1. Introduction

Image segmentation is an important step in most computer vision applications. Image segmentation involves dividing an image into multiple regions or segments based on some criteria. In particular, one of the most popular methods for image segmentation is Otsu’s method.

In this tutorial, we’ll cover the details of Otsu’s method, its advantages and limitations, and some applications.

2. Otsu’s Method: an Overview

Otsu’s method is a popular technique employed for image thresholdingIt separates an image into two classes, foreground, and background, based on the grayscale intensity values of its pixels.

Furthermore, Otsu’s method uses the grayscale histogram of an image to detect an optimal threshold value that separates two regions with maximum inter-class variance.

In the following subsections, we will discuss the main steps of Otsu’s method in detail.

2.1. Compute the Grayscale Histogram (Step 1)

The grayscale histogram of an image shows the distribution of pixel intensity values in it. We can obtain such a histogram by counting the number of pixels at each intensity level.

Hence, the grayscale histogram H(i) of an image I with an intensity level of i is defined by the following equation:

(1)   \begin{equation*} H(i) = \sum_{x=1}^{M}\sum_{y=1}^{N} [I(x,y) = i] \end{equation*}

Where M and N represent the width and height of the image, respectively, and [I(x,y) = i] is a function that returns one (1) if the pixel at position (x,y) has an intensity value of i, and zero (0) otherwise.

2.2. Compute the Cumulative Distribution Function (Step 2)

The Cumulative Distribution Function (CDF) represents the probability that a pixel in the image has a grayscale intensity value less than or equal to a particular level.

For computing CDF from a grayscale histogram, we sum the values of the histogram up to each intensity level. The mathematical formulation is as follows:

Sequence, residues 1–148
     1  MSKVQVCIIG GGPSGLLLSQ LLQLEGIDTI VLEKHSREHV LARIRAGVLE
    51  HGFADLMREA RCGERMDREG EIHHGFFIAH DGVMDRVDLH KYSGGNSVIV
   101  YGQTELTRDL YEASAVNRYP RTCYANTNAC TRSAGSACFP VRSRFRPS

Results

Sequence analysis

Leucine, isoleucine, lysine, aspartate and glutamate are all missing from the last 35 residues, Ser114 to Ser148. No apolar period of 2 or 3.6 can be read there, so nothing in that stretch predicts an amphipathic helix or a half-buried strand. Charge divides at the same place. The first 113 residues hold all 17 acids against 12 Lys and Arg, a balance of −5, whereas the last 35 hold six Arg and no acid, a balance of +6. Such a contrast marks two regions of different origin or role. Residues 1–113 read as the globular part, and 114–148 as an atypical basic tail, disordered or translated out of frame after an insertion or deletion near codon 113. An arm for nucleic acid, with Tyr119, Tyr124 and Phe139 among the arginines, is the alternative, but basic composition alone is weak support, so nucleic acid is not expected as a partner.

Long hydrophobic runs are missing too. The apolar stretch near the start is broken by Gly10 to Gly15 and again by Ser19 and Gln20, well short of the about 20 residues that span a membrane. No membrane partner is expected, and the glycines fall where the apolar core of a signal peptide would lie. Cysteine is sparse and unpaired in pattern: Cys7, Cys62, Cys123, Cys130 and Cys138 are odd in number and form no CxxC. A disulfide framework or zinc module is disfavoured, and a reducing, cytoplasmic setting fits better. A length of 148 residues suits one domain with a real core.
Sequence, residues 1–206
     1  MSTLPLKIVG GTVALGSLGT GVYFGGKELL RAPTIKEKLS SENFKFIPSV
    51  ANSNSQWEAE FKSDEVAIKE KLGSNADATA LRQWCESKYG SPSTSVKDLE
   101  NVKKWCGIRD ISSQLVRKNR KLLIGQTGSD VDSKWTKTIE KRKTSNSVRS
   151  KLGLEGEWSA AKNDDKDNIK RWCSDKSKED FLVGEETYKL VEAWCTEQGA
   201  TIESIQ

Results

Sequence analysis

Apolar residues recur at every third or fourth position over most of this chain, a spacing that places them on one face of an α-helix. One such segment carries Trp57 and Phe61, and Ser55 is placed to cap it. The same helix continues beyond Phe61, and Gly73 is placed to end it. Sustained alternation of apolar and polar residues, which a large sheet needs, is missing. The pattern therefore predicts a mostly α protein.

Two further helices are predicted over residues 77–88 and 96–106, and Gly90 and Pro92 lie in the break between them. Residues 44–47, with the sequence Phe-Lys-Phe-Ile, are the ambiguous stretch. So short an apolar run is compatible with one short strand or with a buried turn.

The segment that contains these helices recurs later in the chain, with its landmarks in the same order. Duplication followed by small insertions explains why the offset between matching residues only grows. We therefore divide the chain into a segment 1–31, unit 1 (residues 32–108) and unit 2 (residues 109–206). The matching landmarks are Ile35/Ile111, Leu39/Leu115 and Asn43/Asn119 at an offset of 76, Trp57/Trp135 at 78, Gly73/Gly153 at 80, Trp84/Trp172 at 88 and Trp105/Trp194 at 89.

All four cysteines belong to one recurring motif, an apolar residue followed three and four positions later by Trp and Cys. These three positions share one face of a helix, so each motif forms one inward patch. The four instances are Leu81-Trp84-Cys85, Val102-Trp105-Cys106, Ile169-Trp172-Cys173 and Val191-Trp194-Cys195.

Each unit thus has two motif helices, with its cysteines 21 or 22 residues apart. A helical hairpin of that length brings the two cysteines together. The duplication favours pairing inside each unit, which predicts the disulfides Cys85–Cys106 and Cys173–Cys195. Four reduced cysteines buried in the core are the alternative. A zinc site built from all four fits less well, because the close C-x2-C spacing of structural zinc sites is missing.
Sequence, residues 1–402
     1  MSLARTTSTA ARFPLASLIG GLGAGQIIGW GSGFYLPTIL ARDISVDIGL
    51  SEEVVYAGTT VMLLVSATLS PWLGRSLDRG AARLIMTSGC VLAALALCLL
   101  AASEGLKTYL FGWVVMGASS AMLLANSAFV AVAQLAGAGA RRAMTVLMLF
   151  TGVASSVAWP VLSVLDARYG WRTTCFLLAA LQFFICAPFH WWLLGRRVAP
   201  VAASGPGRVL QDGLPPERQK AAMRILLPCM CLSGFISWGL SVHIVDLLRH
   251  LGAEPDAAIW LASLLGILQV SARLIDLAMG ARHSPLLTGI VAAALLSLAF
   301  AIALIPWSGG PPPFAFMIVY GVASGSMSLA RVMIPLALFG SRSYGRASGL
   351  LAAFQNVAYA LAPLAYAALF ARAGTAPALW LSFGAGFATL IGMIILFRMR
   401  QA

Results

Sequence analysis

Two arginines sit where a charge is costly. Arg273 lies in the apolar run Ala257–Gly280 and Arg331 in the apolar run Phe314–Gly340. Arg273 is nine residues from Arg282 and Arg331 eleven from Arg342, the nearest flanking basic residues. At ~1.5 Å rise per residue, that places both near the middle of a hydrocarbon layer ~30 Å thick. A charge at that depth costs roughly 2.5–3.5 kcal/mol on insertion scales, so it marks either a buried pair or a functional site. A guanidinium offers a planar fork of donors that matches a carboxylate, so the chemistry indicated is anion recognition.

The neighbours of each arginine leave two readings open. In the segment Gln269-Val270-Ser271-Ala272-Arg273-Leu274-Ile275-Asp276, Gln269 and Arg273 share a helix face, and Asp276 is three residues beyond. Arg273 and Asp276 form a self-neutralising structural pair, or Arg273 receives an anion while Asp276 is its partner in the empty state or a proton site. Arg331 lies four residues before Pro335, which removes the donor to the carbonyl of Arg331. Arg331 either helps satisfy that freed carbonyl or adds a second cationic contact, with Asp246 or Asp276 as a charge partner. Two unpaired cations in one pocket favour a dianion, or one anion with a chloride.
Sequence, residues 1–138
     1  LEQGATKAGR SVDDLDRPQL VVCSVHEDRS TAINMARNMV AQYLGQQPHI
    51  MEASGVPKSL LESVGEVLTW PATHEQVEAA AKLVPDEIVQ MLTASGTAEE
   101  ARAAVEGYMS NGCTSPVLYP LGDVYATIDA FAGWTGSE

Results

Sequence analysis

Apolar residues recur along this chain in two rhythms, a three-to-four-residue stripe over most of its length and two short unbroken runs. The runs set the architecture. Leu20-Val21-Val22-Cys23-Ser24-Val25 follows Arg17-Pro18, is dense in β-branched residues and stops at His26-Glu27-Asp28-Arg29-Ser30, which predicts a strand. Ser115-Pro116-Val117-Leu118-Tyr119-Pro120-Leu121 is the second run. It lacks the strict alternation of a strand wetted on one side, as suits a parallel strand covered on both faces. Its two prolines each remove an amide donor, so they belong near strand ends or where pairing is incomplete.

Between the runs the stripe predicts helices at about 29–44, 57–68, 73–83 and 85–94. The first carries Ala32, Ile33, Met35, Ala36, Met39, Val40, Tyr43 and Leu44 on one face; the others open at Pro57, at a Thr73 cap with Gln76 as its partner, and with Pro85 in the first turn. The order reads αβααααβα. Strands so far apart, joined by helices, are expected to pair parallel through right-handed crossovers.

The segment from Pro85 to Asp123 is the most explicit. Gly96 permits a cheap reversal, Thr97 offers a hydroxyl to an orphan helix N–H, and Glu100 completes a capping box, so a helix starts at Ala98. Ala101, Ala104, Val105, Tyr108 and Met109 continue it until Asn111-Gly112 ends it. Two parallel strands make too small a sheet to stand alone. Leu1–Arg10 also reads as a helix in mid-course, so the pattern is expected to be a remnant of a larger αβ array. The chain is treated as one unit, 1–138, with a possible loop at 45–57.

(2)   \begin{equation*} C(i) = \sum_{j=0}^{i} \frac{H(j)}{M \times N} \end{equation*}

2.3. Compute the Mean Grayscale Intensity Value of the Image (Step 3)

The mean grayscale intensity value of the image is the process of averaging the grayscale intensity values of all the pixels in it. Additionally, Otsu’s method uses the mean grayscale value to compute the between-class variance.

So, let \mu be an image’s mean grayscale intensity value. The mathematical formulation is as follows:

(3)   \begin{equation*} \mu = \frac{1}{M \times N} \sum_{x=1}^{M}\sum_{y=1}^{N} I(x,y) \end{equation*}

2.4. Compute the Between-Class Variance for Each Possible Threshold Value (Step 4)

The between-class variance measures the separation between the foreground and background regions. We can compute the between-class variance as the product of the square of the difference between the mean grayscale intensity values and the probabilities of the regions (P_0 and P_1).

To calculate the between-class variance for the threshold value T, we use the following formula:

(4)   \begin{equation*} \text{var}(T) = P_0(T) \cdot P_1(T) \cdot (m_0(T) - m_1(T))^2 \end{equation*}

Here, P_0(T) and P_1(T) represent the probabilities of the background and foreground regions, respectively. We also define m_0(T) and m_1(T) as the mean grayscale intensity values of the background and foreground regions, respectively.

So, m_0(T) and m_1(T) are formulated as follows:

(5)   \begin{equation*} \begin{aligned} P_0(T) &= C(T) \\ P_1(T) &= 1 - C(T) \end{aligned} \end{equation*}

Moreover, we can  calculate the mean grayscale intensity values m_0(T) and m_1(T) as follows:

(6)   \begin{equation*} m_0(T) = \frac{\sum_{i=0}^{T-1} i \cdot H(i)}{P_0(T) \cdot MN} \end{equation*}

(7)   \begin{equation*} m_1(T) = \frac{\sum_{i=T}^{255} i \cdot H(i)}{P_1(T) \cdot MN} \end{equation*}

2.5. Find the Threshold Value That Maximizes the Between-Class Variance (Step 5)